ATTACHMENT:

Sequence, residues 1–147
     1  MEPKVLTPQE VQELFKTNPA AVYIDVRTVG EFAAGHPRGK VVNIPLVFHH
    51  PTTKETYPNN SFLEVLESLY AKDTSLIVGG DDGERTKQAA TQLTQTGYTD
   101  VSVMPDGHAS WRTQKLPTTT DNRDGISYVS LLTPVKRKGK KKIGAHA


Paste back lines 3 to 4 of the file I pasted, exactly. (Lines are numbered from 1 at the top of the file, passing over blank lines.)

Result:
    51  PTTKETYPNN SFLEVLESLY AKDTSLIVGG DDGERTKQAA TQLTQTGYTD
   101  VSVMPDGHAS WRTQKLPTTT DNRDGISYVS LLTPVKRKGK KKIGAHA